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Goldman Sachs returns to bet on a Latin American startup of financial technology, providing a secured loan of up to 100 million dollars to the Mexican Konfío.

The transaction will help Konfío, which provides uninsured working capital to small and medium-sized businesses, to lend approximately $ 250 million over the next 12 months, said David Arana, executive director and founder of financial technology.

The idea

The plan is to expand to the use of collateral, which would make it possible to make loans larger than the current average of 20,000 dollars from Konfío.

“We met Goldman at several financial technology events in Latin America and we started the talks”, said Arana. “I think they are the right partners to help us continue to create an impact”.

Konfío uses its technology to analyze credit behavior and collect other types of data, allowing you to respond to companies immediately and make disbursements in 24 hours, when traditional loans to small and medium businesses can take months before being approved and demand a guarantee

In addition, Konfío’s interest rates are half of those of the traditional banking industry, according to Arana.

Technology and startups

The technology also helps the startup keep poor performance loans under control. The delinquency rate in the company’s loan book was 4.8 percent in 2018, compared with 5.4 percent for the banking industry, according to Arana.

“Konfío brings a unique approach to the subscription of credits for a poorly attended market segment in Mexico and more widely throughout the region”, said Ram Sundaram, global head of Goldman’s structured finance, investment and credit unit by email.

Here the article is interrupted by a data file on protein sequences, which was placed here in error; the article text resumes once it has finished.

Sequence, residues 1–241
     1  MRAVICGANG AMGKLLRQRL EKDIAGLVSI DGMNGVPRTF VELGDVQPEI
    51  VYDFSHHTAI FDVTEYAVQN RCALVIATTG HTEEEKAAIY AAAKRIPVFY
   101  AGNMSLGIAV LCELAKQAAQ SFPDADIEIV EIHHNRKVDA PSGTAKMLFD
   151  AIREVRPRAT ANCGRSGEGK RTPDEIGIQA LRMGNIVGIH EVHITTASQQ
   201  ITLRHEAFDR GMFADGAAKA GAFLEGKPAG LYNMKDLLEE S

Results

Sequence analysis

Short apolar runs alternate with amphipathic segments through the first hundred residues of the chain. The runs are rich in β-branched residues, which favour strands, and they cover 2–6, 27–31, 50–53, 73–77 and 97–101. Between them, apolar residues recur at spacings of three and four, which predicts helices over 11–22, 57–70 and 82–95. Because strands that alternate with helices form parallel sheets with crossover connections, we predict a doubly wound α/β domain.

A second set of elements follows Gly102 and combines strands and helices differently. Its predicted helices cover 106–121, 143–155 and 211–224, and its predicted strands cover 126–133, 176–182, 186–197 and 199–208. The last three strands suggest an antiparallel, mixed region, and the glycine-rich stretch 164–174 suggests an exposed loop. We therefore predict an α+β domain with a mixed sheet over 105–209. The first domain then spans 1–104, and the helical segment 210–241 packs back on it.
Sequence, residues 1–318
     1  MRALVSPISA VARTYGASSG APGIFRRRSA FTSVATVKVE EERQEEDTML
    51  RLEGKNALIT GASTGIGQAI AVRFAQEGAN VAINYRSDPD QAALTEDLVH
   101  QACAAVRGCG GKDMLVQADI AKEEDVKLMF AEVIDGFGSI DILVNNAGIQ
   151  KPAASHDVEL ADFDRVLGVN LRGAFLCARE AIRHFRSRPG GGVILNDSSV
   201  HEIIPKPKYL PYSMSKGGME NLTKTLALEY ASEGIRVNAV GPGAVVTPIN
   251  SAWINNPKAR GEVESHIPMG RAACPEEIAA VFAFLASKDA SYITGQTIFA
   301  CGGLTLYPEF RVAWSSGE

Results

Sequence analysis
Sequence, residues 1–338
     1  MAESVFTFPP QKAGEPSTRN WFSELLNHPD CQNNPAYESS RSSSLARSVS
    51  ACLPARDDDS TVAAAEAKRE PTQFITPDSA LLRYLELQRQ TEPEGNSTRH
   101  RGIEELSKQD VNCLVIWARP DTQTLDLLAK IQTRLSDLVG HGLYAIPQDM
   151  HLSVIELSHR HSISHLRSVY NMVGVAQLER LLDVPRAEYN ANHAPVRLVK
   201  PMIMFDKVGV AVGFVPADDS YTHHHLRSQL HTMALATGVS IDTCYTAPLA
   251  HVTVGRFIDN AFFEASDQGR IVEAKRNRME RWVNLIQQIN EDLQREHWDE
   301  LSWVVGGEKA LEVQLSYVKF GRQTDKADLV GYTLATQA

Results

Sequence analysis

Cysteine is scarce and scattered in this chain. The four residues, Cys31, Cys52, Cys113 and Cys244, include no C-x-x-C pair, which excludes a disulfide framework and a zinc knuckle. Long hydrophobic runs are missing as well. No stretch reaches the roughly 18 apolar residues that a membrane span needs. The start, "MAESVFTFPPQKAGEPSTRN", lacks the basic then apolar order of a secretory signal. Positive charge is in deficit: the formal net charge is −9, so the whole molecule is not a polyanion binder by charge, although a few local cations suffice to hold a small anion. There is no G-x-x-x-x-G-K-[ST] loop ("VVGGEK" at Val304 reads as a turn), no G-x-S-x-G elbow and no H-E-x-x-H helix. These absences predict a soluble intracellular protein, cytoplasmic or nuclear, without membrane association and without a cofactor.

The potential market is wide. Total credit for small and medium enterprises in Mexico is approximately 100 billion dollars, and banks have been moving away from business, according to Konfío’s chief executive.

The startup, which has served 1 million customers since its foundation, also provides help to companies to organize their data and better understand their business.

“I experienced the crisis of poor quality mortgages”, says Arana, who worked at Deutsche Bank AG in New York from 2006 to 2013 in credit structuring and trading with a focus on Latin America.

“In an era of abundant data, we were supposed to be able to make better decisions, but in reality I saw the opposite: access to financing was reduced, so I saw an opportunity”, he said.

About Konfío

Created in 2014, Konfío received its first round of investment in 2016 from funds such as Jaguar Ventures, Kaszek Ventures, QED Investors and Accion Frontier, a fund managed by Quona Capital.

In October 2017, he received a second round of investments from the International Finance Corporation (IFC) – the financial arm of the World Bank – and in July 2018 he received debt and capital investments from firms such as Emerging Finance , Victory Park Capital Advisors and IFC.

In total, Konfío raised $ 43 million in capital and $ 260 million in debt. You also have access to credit from the Bank of Nova Scotia.

US $ 43 million in capital and US $ 260 million in debt. You also have access to credit from the Bank of Nova Scotia.

Konfío and an achieved goal

The Konfío transaction marks the first occasion in which Goldman’s structured finance, investment and credit unit provides a line of credit to a Latin American financial technology company. However, Goldman had already invested through his group of special situations in the credit card company Nu Pagamentos, better known in Brazil as Nubank.

Goldman lent Nubank 200 million reais ($ 49 million) in 2016, and in August 2017 expanded the credit line to 455 million reais in an agreement with Fortress Investment Group. The loan has been paid in full.

Earlier this year, Goldman’s special situations group agreed to provide Credijusto with a $ 100 million line of credit to support loans to small and medium businesses.

The idea is that startups can use their digital platforms to operate more efficiently than local banks, offering low-cost products, such as loans, and potentially serving clients that were previously out of banks’ reach.


Also published on Medium.

Published inStartups

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